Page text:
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Single-photon nonlinearity at room temperature

A Publisher Correction to this article was published on 02 December 2021

This article has been updated


The recent progress in nanotechnology1,2 and single-molecule spectroscopy3,4,5 paves the way for emergent cost-effective organic quantum optical technologies with potential applications in useful devices operating at ambient conditions. We harness a π-conjugated ladder-type polymer strongly coupled to a microcavity forming hybrid light–matter states, so-called exciton-polaritons, to create exciton-polariton condensates with quantum fluid properties. Obeying Bose statistics, exciton-polaritons exhibit an extreme nonlinearity when undergoing bosonic stimulation6, which we have managed to trigger at the single-photon level, thereby providing an efficient way for all-optical ultrafast control over the macroscopic condensate wavefunction. Here, we utilize stable excitons dressed with high-energy molecular vibrations, allowing for single-photon nonlinear operation at ambient conditions. This opens new horizons for practical implementations like sub-picosecond switching, amplification and all-optical logic at the fundamental quantum limit.

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Fig. 1: The principle of the extreme nonlinearity in organics.
Fig. 2: Attojoule polariton switch.
Fig. 3: Polariton switching contrast towards the single-photon level.
Fig. 4: Single-photon switching for single-shot condensate realizations.

Data availability

All data supporting this study are openly available from the University of Southampton repository at

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Authors acknowledge A. Putintsev for technical support. This work was supported by the Russian Science Foundation (RSF) grant no. 20-72-10145 and the UK’s Engineering and Physical Sciences Research Council grant EP/M025330/1 on Hybrid Polaritonics. E.S.A. and V.Yu.Sh. thank the Foundation for the Advancement of Theoretical Physics and Mathematics Basis. Yu.E.L. acknowledges Basic Research Program at the National Research University HSE, D.U., F.S. and T.S. acknowledge support by QuantERA project RouTe (SNSF grant no. 20QT21 175389). P.G.L, D.U., T.S. and R.F.M. acknowledge support by European H2020-FETOPEN project POLLOC (Grant No. 899141).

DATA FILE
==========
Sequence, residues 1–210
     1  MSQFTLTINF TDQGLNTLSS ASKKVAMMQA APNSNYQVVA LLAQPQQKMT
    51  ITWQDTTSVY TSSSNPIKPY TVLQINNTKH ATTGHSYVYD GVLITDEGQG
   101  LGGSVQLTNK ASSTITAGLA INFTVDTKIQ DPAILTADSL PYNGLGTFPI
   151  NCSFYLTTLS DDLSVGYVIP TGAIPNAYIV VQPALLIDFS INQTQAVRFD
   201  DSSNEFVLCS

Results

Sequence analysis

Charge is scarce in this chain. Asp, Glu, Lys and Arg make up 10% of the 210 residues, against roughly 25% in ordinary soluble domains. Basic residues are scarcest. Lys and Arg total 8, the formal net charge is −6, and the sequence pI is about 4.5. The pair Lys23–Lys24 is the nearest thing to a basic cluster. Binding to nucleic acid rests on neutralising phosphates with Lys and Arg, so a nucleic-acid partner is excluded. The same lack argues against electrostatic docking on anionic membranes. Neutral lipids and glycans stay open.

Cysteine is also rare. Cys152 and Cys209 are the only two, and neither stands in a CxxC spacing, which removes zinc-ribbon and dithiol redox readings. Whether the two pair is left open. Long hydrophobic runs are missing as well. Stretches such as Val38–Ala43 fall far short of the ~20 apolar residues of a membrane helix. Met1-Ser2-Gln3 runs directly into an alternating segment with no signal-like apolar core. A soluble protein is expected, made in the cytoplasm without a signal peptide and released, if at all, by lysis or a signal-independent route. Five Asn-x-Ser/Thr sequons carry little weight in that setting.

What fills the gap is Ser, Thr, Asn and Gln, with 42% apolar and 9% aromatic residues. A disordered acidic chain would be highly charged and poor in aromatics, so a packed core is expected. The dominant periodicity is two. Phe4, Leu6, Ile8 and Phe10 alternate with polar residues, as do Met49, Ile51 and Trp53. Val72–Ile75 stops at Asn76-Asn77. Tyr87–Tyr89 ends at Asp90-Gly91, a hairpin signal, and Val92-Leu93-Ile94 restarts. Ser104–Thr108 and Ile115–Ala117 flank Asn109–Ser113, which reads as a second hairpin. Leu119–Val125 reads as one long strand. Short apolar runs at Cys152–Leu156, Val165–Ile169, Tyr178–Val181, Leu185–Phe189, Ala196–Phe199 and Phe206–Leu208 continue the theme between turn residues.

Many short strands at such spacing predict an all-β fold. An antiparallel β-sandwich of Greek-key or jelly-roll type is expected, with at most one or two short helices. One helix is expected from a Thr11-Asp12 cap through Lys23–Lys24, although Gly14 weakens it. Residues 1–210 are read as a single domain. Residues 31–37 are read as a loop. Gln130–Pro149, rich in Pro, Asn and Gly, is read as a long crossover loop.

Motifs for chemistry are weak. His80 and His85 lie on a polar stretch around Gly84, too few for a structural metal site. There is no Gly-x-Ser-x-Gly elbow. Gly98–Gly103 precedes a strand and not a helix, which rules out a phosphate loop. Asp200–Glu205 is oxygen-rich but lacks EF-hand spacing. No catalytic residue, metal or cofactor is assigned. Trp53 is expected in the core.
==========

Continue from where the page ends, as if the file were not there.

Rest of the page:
Author information




A.V.Z., A.V.B. and D.S. performed the experiments and analysed the data. D.U., F.S., T.S. and R.F.M. contributed to the design and fabrication of the organic microcavity. U.S. synthesized the organic material. V.Yu.Sh., E.S.A. and Yu.E.L. developed microscopic theory and carried out numerical simulations. A.V.Z. and P.G.L. designed and led the research. The manuscript was written through contributions from all authors. All authors have given approval to the final version of the manuscript.

Corresponding authors

Correspondence to Anton V. Zasedatelev or Pavlos G. Lagoudakis.

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The authors declare no competing interests.

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Supplementary Information

Supplementary Sections 1–7, including text and data, Supplementary Figs. 1–22, Table 1 and references.

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Zasedatelev, A.V., Baranikov, A.V., Sannikov, D. et al. Single-photon nonlinearity at room temperature. Nature 597, 493–497 (2021).

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